2

Set cell – Select the cell that will show the target value. This cell must contain a formula.

To value – Enter the target amount.

By changing cell – Select the cell that will show the required value to achieve the target value specified. This cell must not contain a formula.

 
 

Using goal seek

Exercise Goal Seek In this practice we will see what effect two different revenues and two different interest rates have on our cash flow

Step

Action

1

Select the Loan worksheet.

2

Use Goal Seek to calculate the maximum loan you can afford. (i.e. how much could you afford to pay back per month for 15 years at 7.02% interest rate?).

 

Group and Outline Data

 

An outline that lets you hide or show levels of detail. It lets you display only the rows

Group and outline

introduction

or columns that provide summaries for each group of data. Outline looks for formulas and groups together the columns and/or rows before those formula. Summary columns should be to the left or right of the details data, and summary rows should be either below or above the detail data. Summary columns or rows must not be mixed with the detail data.

Auto Outline

Auto Outline will outline all sets of data on the active worksheet

 

Step

Action

 

 

1

On the Data tab in the Outline group, choose Auto Outline.

 

 

 

2

The outline can be collapsed or expanded by clicking the + or sign. The amount of detail displayed can also be chosen by clicking on the appropriate outline numbers. (e.g. 1, 2 or 3) with outline 3 showing the most detail.

 

 

 

3

To clear all outlines on the active worksheet, on the Data tab in the Outline group, select the arrow below Ungroup and Clear Outline

 

         

If you want to control how groups are determined, you can manually create groups

Group

and outlines.

 

 

Step

Action

 

1

On the worksheet, select the detail data level for rows or columns.

 

 

2

On the Data tab in the Outline group, click the arrow below Group and select Group

 

3

The Group dialogue box will display and depending on your selected data, choose if you want to group the selection by rows or columns.

 

4

To clear all outlines on the active worksheet, on the Data tab in the Outline group, select the arrow below Ungroup and Clear Outline.

         

Step

Action

1

Open the Group & Outline worksheet.

2

On the Data tab under the Outline group, choose the Group arrow and then Auto Outline.

3

Experiment with the outline buttons on the margins of the sheet.

Exercise Auto Outline

Step

Action

In this exercise we will manually create groupings.

1

Select columns D to G.

2

On the Data tab, under the Outline group, choose the Group button.

3

Select rows 5 to 25

4

On the Data tab, under the Outline group, choose the Group button.

5

On the Data tab, under the Outline group, choose Ungroup and choose Clear Outline

6

Save.

Exercise Manual Outline

Scenarios

 

A scenario is a set of values that Excel saves and can substitute automatically in cells

Introduction on a worksheet. You can create and save different groups of values on a worksheet and then switch to any of these new scenarios to view different results.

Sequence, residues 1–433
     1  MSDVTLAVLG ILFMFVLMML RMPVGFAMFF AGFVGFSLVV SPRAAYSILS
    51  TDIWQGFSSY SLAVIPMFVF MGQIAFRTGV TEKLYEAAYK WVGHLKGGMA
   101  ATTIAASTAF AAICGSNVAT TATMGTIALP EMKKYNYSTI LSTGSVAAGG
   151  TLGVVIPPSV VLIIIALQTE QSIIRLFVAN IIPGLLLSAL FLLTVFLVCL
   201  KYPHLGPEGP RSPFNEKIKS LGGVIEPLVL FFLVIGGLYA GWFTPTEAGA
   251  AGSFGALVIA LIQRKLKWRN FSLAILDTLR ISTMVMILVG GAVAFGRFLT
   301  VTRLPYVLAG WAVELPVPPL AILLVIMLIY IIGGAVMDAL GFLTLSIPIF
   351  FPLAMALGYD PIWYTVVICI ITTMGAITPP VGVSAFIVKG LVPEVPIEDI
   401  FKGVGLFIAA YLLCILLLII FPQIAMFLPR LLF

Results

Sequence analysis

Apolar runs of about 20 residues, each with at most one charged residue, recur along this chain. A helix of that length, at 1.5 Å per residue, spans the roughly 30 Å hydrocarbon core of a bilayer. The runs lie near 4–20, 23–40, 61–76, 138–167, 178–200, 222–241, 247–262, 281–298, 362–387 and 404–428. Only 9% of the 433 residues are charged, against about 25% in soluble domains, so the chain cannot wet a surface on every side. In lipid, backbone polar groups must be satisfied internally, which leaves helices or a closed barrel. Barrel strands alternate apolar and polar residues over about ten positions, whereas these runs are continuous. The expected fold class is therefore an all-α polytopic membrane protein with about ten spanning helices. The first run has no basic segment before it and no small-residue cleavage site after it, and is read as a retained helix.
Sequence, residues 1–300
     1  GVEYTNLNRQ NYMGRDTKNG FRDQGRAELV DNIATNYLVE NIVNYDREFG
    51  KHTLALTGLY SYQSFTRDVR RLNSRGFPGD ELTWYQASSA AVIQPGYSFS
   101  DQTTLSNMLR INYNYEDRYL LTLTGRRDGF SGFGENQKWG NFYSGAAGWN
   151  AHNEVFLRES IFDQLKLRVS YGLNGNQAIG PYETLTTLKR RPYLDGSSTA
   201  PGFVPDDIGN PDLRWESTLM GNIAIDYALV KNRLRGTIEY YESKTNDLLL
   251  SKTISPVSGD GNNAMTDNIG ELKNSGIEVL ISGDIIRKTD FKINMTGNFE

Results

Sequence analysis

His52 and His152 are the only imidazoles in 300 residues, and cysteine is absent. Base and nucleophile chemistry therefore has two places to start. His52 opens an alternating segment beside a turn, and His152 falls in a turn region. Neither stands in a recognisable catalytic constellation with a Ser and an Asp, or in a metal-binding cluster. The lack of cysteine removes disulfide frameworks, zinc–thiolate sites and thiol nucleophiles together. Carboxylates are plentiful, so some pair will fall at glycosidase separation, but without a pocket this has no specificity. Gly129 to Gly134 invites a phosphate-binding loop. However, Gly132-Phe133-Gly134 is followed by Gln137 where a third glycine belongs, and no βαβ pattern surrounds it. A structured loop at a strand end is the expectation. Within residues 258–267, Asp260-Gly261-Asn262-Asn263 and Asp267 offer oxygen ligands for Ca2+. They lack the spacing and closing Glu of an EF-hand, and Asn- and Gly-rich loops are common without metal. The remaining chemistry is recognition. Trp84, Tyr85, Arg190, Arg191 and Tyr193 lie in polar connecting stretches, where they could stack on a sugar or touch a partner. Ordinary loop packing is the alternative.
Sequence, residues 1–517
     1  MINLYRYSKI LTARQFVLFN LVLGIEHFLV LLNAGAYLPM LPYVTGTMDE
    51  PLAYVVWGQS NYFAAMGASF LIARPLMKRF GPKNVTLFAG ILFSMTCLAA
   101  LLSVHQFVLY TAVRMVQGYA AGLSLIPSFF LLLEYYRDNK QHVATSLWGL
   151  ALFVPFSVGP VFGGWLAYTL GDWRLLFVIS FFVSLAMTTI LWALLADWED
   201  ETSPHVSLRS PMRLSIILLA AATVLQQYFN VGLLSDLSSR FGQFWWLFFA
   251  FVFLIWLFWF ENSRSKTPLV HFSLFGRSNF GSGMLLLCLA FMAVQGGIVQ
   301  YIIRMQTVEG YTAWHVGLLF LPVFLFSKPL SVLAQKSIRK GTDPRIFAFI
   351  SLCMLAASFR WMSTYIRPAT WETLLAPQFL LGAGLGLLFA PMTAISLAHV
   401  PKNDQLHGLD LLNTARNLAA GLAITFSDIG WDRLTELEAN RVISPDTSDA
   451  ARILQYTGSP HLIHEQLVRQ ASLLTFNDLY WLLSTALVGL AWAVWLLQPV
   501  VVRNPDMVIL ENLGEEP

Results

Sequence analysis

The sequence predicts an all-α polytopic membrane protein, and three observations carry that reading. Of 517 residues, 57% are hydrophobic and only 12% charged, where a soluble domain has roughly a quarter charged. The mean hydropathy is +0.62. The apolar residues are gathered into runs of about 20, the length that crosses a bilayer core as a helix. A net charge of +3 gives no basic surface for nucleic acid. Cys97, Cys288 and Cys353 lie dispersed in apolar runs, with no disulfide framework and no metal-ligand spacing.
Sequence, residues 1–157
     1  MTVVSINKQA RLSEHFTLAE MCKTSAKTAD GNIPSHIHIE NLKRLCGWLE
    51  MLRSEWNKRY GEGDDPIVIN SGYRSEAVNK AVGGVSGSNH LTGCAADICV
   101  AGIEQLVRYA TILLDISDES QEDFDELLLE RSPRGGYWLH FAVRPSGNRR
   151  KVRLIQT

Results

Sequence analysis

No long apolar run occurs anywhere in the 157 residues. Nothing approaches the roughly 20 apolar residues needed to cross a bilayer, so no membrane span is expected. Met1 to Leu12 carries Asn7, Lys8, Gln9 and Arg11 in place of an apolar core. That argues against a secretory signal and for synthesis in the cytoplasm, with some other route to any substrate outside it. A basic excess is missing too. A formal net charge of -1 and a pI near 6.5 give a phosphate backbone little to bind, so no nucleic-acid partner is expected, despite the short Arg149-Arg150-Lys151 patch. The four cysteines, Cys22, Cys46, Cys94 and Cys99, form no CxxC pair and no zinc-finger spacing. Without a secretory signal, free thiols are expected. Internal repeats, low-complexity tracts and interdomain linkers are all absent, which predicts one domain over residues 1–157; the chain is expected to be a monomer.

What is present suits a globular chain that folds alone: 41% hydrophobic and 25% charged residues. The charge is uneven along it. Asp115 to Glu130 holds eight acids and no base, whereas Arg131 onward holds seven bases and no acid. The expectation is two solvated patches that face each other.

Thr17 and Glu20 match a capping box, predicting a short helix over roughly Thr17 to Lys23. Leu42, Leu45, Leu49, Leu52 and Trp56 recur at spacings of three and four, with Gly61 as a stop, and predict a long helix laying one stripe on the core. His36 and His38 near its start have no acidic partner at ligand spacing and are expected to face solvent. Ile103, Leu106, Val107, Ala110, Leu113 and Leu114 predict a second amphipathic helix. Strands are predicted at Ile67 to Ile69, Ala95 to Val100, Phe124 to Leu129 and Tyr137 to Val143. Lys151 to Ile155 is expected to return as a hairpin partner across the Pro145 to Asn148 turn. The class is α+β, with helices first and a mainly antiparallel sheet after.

When using Goal Seek you cannot easily compare several different outcomes. Scenarios are used to show various outcomes based on applying different conditions.

Step

Action

1

Select the cell that has the value that you want to change.

2

On the Data tab, under the Data Tools group, choose the What-If Analysis button and choose Scenario Manager.

Click Add.

3

 

Enter a Name for the first scenario, for example, Low Revenue.

   

4

Ensure the Changing Cell is the same as the one selected in step 1. Above and then click OK.

5

Enter the value for the Changing Cell.

6

To enter additional scenarios, click Add or click OK to return to the Scenario Manager dialog box..

Creating Scenarios

Step

Action

1

On the Data tab, under the Data Tools group, choose the What-If Analysis button and choose Scenario Manager

2

Select the Scenario Name you want to edit, and then click Edit.

Editing Scenarios

Step

Action

1

On the Data tab, under the Data Tools group, choose the What-If Analysis button and choose Scenario Manager

2

Click on Summary.

3

Choose the Report Type required and the Result Cells then click OK

Creating Scenario Reports


Using Scenario              Follow the example below to use Scenario Manager Manager 

Step

Action

1

Open the Sales Forecast worksheet.

The example uses three scenarios based on the following sets of values for the three changing cells:                               (COGS = Cost of Goods Sold)

•    Most Likely, where the Sales_Growth percentage is 5%, COGS is 20%, and Expenses is 25%

•    Best Case, where the Sales_Growth percentage is 8%, COGS is 18%, and Expenses is 20%

•    Worst Case, where the Sales_Growth percentage is 2%, COGS is 25%, and Expenses is 35%.

Select cells H3 (Sales), H4 (Cost of Goods Sold)and H6 (Expenses).

2

On the Data tab in the Data Tools group, choose What-If-Analysis and then Scenario Manager.

3

To create a scenario, click the Add button.

4

Type the name of the scenario (Most Likely, in this example) in the Scenario Name text box, specify the Changing Cells (if they weren't previously selected), and click OK.

 

Step

Action

5